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FEMA announces changes to NFIP pricing structure: Reports

19th March 2019 - Author: Luke Gallin

The Federal Emergency Management Agency (FEMA) has announced changes to the National Flood Insurance Program (NFIP), a move that could increase costs for some homeowners, reports Bloomberg.

california-sonoma-floodsUnder the new initiative, called Risk Rating 2.0, NFIP premiums will be tied to the actual flood risk of individual homes, instead of the current system which sets prices based on whether a home sits within the 100-year flood plain.

According to a Bloomberg article, Shana Udvardy, a climate resilience analyst for the Union of Concerned Scientists, said that the reform is “badly needed,” and described FEMA’s move as a “huge step in the right direction”.

In recent years, flooding events in the U.S. have been frequent and severe, and include the likes of Hurricane Irma, Hurricane Harvey, Hurricane Florence, and the Baton Rouge floods, among others. Following such events a large number of damaged homes lacked flood insurance, with reports claiming that FEMA’s current system failed to accurately and effectively measure the risk.

FEMA’s deputy associate administrator for insurance and mitigation explained that the new rating plan will help clients better understand their risk, which he feels will increase demand for protection.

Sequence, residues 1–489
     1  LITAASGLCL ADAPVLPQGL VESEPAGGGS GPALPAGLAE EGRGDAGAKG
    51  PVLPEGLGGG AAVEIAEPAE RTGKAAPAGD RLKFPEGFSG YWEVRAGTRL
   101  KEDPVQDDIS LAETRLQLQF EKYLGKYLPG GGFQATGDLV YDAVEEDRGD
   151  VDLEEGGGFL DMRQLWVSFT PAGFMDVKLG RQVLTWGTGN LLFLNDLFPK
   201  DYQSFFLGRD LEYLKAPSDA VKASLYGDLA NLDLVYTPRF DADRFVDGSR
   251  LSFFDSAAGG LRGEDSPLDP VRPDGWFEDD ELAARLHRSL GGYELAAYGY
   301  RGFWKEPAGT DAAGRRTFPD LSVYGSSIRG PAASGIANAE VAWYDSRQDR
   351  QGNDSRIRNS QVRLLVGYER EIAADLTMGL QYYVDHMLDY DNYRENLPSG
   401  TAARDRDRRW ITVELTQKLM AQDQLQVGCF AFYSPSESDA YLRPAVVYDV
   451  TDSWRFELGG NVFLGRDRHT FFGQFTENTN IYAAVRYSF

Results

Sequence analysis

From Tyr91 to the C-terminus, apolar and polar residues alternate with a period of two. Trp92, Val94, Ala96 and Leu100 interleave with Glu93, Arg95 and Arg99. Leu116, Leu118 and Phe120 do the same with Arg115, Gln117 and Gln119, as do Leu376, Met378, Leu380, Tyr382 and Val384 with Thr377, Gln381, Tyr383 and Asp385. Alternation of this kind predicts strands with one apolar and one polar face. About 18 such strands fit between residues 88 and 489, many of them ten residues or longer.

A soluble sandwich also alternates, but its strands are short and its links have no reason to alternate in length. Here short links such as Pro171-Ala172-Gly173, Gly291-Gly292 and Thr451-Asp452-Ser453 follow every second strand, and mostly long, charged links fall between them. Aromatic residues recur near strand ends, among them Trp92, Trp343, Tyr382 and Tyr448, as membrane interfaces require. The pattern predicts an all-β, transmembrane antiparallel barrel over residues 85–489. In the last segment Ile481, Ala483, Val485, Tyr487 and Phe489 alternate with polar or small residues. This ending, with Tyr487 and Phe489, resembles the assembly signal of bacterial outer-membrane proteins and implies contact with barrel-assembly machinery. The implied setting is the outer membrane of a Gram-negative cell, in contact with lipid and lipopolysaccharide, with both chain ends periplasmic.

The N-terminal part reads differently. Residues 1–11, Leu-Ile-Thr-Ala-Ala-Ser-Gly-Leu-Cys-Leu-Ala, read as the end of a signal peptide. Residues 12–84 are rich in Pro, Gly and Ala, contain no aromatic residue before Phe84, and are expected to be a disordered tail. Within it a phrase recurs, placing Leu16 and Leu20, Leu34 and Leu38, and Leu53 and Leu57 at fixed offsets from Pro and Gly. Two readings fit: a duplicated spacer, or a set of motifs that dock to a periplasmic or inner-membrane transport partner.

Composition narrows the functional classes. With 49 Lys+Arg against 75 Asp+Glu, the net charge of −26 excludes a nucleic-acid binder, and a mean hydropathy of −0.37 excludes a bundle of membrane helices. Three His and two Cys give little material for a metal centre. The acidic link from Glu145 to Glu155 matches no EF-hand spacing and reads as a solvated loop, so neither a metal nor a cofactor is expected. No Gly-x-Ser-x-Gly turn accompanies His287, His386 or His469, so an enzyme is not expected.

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FEMA is reportedly to use private-sector data to calculate the real flood threat for each home, and under the changes, homes with a lower risk are likely to see their premiums fall, while those at a higher risk could see their premiums more than double.

Ultimately, areas that have a higher risk of flooding are likely to experience higher rates, which some have warned could impact property values in those areas.

It’s also been announced that the new initiative will include new sources of flooding that were previously not included in the rating structure, such as intense rainfall.

Changes to the pricing of flood risk under the NFIP, which is the main provider of flood insurance in the U.S., have been attempted previously, but failed under political pressure. However, the fact that flood events have been so intense recently is thought to be one of the reasons FEMA has decided to overhaul its pricing structure at this time.

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